Gods or holiest people. And I certainly feel it's a
        "good thing" when someone helps point out a position
        that lets us gain greater understanding about such an
        esoteric subject as non-duality, or whatever we label
        Sri Ramana's thoughts (and non-thoughts). Matter of
        fact, you (your Self) do this kind of thing superbly!
        Peace and blessings,
        Bob

        "Papajeff" <jeff@...> wrote:
        >
        > Thanks, Bob.
        >
        > The red flag of ego (mind's)
        > presence wil be obvious in
        > one's attempt to say what
        > Ramana said, "only better".
        >
        > It is very comforting that
        > you let the words of Bhagavan
        > speak for themselves without
        > feeling the need to add
        > "your" elucidation.
        >
        > A silent namaste,
        >
        > Jeff
        >
        >
        >
        > --- In meditationsocietyofamerica@yahoogroups.com, medit8ionsociety <no_reply@> wrote:
        > >
        > > Question : Can the meditator be affected by
        > > physical disturbances during nirvikalpa samadhi?
        > > My friend and I disagree on this point.
        > > Ramana Maharshi : Both of you are right. One of
        > > you is referring to kevala and the other to sahaja
        > > samadhi. In both cases the mind is immersed in
        > > the bliss of the Self. In the former, physical
        > > movements may cause disturbance to the meditator,
        > > because the mind has not completely died out.
        > > It is still alive and can, as after deep sleep,
        > > at any moment be active again.
        > >
        > > It is compared to a bucket, which, although
        > > completely submerged under water, can be pulled
        > > out by a rope which is still attached to it. In
        > > sahaja, the mind has sunk completely into the
        > > Self, like the bucket which has got drowned in
        > > the depths of the well along with its rope. In
        > > sahaja there is nothing left to be disturbed or
        > > pulled back to the world. One's activities then
        > > resemble that of the child who sucks its mother's
        > > milk in sleep, and is hardly aware of the feeding.
        > >
        > > Question : How can one function in the world
        > > in such a state?
        > > Ramana Maharshi : One who accustoms himself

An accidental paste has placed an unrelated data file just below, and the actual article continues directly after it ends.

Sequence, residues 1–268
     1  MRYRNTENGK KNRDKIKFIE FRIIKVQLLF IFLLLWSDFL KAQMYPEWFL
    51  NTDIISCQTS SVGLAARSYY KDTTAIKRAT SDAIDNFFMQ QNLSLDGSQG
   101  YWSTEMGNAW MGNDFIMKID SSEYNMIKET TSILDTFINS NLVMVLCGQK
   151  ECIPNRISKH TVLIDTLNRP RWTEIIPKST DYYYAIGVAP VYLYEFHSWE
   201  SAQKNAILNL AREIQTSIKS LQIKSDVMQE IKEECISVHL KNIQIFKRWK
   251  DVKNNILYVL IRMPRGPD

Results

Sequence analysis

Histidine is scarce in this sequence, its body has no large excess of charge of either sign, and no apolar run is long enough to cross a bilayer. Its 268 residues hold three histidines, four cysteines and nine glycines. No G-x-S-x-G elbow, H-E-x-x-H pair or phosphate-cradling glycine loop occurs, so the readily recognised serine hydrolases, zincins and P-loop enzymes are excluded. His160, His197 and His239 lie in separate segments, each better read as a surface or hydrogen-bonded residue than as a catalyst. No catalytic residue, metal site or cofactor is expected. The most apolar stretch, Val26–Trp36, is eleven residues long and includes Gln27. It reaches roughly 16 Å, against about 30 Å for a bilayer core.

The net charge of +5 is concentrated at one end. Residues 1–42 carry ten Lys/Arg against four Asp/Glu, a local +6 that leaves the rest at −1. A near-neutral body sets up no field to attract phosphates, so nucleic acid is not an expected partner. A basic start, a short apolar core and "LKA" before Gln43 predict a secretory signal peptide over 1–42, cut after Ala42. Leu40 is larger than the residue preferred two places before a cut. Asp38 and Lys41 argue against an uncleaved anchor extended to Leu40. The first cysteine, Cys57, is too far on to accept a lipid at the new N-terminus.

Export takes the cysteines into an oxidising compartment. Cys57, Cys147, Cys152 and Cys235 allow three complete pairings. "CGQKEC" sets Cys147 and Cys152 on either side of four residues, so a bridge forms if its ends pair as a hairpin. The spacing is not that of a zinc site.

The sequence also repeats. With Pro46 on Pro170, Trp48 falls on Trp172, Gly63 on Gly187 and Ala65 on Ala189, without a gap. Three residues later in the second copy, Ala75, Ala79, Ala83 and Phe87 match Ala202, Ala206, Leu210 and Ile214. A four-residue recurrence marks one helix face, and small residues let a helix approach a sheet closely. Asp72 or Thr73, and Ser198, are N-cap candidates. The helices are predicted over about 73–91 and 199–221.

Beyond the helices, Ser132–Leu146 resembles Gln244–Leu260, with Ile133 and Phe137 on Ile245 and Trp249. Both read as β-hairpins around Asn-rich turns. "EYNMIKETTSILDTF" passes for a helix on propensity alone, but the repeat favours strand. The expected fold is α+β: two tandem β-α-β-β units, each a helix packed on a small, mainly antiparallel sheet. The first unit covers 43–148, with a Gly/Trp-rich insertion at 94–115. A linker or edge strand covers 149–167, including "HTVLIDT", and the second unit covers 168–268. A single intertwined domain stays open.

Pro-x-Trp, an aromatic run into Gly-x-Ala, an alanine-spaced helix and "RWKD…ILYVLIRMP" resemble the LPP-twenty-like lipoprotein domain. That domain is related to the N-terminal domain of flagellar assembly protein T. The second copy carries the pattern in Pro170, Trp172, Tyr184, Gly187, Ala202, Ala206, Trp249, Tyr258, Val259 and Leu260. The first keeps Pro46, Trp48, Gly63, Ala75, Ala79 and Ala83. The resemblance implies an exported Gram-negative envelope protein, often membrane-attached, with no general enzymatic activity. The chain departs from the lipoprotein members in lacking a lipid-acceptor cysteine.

> > naturally to meditation and enjoys the bliss
        > > of meditation will not lose his samadhi state
        > > whatever external work he does, whatever thoughts
        > > may come to him. That is sahaja nirvikalpa. Sahaja
        > > nirvikalpa is nasa [total destruction of the mind]
        > > whereas kevala nirvikalpa is laya [temporary
        > > abeyance of the mind].
        > >
        > > Those who are in the laya samadhi state will
        > > have to bring the mind back under control from
        > > time to time. If the mind is destroyed, as it
        > > is in sahaja samadhi, it will never sprout again.
        > > Whatever is done by such people is just incidental,
        > > they will never slide down from their high state.
        > >
        > > Those that are in the kevala nirvikalpa state
        > > are not realized, they are still seekers. Those
        > > who are in the sahaja nirvikalpa state are like
        > > a light in a windless place, or the ocean without
        > > waves; that is, there is no movement in them. They
        > > cannot find anything which is different from
        > > themselves. For those who do not reach that state,
        > > everything appears to be different from themselves.
        > >
        > > Question : Is the experience of kevala nirvikalpa
        > > the same as that of sahaja, although one comes down
        > > from it to the relative world?
        > > Ramana Maharshi : There is neither coming down nor
        > > going up - he who goes up and down is not real. In
        > > kevala nirvikalpa there is the mental bucket still
        > > in existence under the water, and it can be pulled
        > > out at any moment. Sahaja is like the river that
        > > has linked up with the ocean from which there is
        > > no return. Why do you ask all these questions? Go
        > > on practicing till you have the experience yourself.
        > >
        >